An Imperial Affliction (by Peter Van Houten) is a fictional book within John Green's The Fault in Our Stars.
It is Hazel Grace Lancaster's favorite book. An Imperial Affliction is about a girl named Anna who has a rare blood cancer. Set in the lower middle class of a central California town, Anna narrates her life with cancer. Despite her cancer, Anna creates a charity called The Anna Foundation for people with Cancer who want to cure Cholera. The author, Peter Van Houten, is a reclusive, anti-social alcoholic who treats his assistant Lidewij (Along with Hazel and Augustus) disrespectfully to the point where she resigns. At the end, he tells Hazel that the book was based on his daughter, he then tells her that she was a lot like Anna. The book was never truely finished as the girl who narrates it, Anna, dies or becomes too sick to write again. The book, in fact, is untruly
Is it a real book though? The answer is An Imperial Affliction the book over which Hazel and Gus fall head-over-heels in The Fault In Our Stars — is “real.” The answer you’re probably looking for is that, no, An Imperial Affliction is not a book that exists in full in our corporeal world; you cannot find it at your local bookstore or on Amazon. Van Houten is, yes, an invention of Green’s for the purpose of the themes and story of The Fault In Our Stars — as is the epigraph to TFiOS, an apparent quote from An Imperial Affliction:
In a blog post from two years ago Green responded to a reader who’d nailed down the origin of An Imperial Affliction’s title — the Emily Dickinson poem “There’s a certain Slant of light” — to wax (kind of) poetic on “reality” in relation to the epitaph:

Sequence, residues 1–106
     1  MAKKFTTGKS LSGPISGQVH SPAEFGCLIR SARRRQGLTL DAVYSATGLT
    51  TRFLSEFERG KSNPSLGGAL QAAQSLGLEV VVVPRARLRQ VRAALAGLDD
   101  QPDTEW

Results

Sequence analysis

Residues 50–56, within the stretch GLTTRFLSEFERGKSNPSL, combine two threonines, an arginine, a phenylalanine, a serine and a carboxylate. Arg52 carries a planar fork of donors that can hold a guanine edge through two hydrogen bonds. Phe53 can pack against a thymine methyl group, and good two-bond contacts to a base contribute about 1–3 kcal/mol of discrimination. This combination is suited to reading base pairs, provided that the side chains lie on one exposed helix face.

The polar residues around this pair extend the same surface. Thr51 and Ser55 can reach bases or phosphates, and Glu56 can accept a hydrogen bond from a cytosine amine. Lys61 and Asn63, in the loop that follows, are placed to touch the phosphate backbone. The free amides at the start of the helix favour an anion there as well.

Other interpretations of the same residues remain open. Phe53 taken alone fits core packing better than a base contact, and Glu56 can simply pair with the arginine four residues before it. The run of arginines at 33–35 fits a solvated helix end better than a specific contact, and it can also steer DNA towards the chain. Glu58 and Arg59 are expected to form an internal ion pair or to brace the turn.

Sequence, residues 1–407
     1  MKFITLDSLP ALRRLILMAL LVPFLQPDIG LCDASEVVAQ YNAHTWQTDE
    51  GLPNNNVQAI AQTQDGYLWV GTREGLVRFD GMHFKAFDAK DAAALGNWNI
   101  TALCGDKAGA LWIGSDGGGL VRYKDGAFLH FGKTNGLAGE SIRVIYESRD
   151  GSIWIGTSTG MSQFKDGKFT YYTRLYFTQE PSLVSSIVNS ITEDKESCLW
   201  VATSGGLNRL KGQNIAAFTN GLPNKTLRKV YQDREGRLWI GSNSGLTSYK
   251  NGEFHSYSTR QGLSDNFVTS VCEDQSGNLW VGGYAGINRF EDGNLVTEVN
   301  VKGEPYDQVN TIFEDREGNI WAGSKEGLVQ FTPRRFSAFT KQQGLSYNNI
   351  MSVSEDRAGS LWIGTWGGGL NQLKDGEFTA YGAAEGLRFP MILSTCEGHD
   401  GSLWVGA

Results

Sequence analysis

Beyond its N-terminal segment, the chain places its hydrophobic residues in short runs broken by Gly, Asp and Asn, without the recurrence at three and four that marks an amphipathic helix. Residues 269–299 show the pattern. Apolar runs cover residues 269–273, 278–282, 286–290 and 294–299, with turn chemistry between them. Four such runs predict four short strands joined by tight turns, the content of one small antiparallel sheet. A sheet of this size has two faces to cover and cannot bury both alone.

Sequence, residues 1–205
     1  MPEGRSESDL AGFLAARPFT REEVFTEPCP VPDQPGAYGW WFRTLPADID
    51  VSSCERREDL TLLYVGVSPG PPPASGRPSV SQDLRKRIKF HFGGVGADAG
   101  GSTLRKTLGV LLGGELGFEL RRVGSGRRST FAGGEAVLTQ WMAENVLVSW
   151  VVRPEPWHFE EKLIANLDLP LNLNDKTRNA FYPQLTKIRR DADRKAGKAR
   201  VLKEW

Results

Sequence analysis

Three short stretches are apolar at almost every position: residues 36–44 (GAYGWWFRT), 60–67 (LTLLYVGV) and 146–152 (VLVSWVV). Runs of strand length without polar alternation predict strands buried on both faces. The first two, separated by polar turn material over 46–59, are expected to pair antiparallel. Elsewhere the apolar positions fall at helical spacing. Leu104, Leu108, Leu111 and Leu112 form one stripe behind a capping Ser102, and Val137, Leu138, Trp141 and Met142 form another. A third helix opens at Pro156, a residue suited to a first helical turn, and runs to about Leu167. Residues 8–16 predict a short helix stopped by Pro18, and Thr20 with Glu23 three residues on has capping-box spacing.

One of Green’s professed favorite books, the Great Gatsby, also includes a fabricated epitaph. That one read:
Both serve the purported purpose of an epigraph — to establish a book’s themes at the get-go — and both are credited to fictional authors.
Green, it could be argued, took his to the next level: Peter Van Houten is a crucial character in The Fault In Our Stars, and “his” words don’t just kick off the book then disappear — both his thematic and his physical presence is felt throughout the entire story. He plays a huge role in one of the book’s themes, and one that often gets overshadowed by its larger dealings with death and romantic love: The love one has with a story — or with the author who created that story.
In that way Van Houten serves both as a proxy and a foil for Green’s persona. As he wrote in a FAQ for TFiOS when asked if Van Houten is at all based on him:
An Imperial Affliction is a book-within-a-book; you can’t go out and buy it, though you can gaze upon the beautiful book covers fans have designed for it. Similarly, Peter Van Houten is a sort of author-within-an-author; he’s not a physically existing human, and he’s not John Green, even though he came from John Green. But both Van Houten and An Imperial Affliction came from a few other things as well, as Green explores here:
If you desire to know more about An Imperial Affliction and its story and themes, you can read up on that here.